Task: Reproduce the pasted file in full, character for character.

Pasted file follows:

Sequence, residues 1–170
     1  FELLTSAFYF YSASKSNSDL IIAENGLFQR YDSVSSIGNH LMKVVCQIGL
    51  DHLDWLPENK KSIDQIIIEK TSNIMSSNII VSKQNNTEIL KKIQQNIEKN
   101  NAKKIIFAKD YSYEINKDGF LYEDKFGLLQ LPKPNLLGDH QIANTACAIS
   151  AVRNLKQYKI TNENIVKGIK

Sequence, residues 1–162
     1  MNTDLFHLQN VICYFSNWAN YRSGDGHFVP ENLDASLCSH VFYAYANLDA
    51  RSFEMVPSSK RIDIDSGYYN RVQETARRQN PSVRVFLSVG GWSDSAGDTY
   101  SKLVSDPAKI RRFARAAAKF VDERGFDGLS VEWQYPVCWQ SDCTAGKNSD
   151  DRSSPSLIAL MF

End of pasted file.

Sequence, residues 1–170
     1  FELLTSAFYF YSASKSNSDL IIAENGLFQR YDSVSSIGNH LMKVVCQIGL
    51  DHLDWLPENK KSIDQIIIEK TSNIMSSNII VSKQNNTEIL KKIQQNIEKN
   101  NAKKIIFAKD YSYEINKDGF LYEDKFGLLQ LPKPNLLGDH QIANTACAIS
   151  AVRNLKQYKI TNENIVKGIK

Sequence, residues 1–162
     1  MNTDLFHLQN VICYFSNWAN YRSGDGHFVP ENLDASLCSH VFYAYANLDA
    51  RSFEMVPSSK RIDIDSGYYN RVQETARRQN PSVRVFLSVG GWSDSAGDTY
   101  SKLVSDPAKI RRFARAAAKF VDERGFDGLS VEWQYPVCWQ SDCTAGKNSD
   151  DRSSPSLIAL MF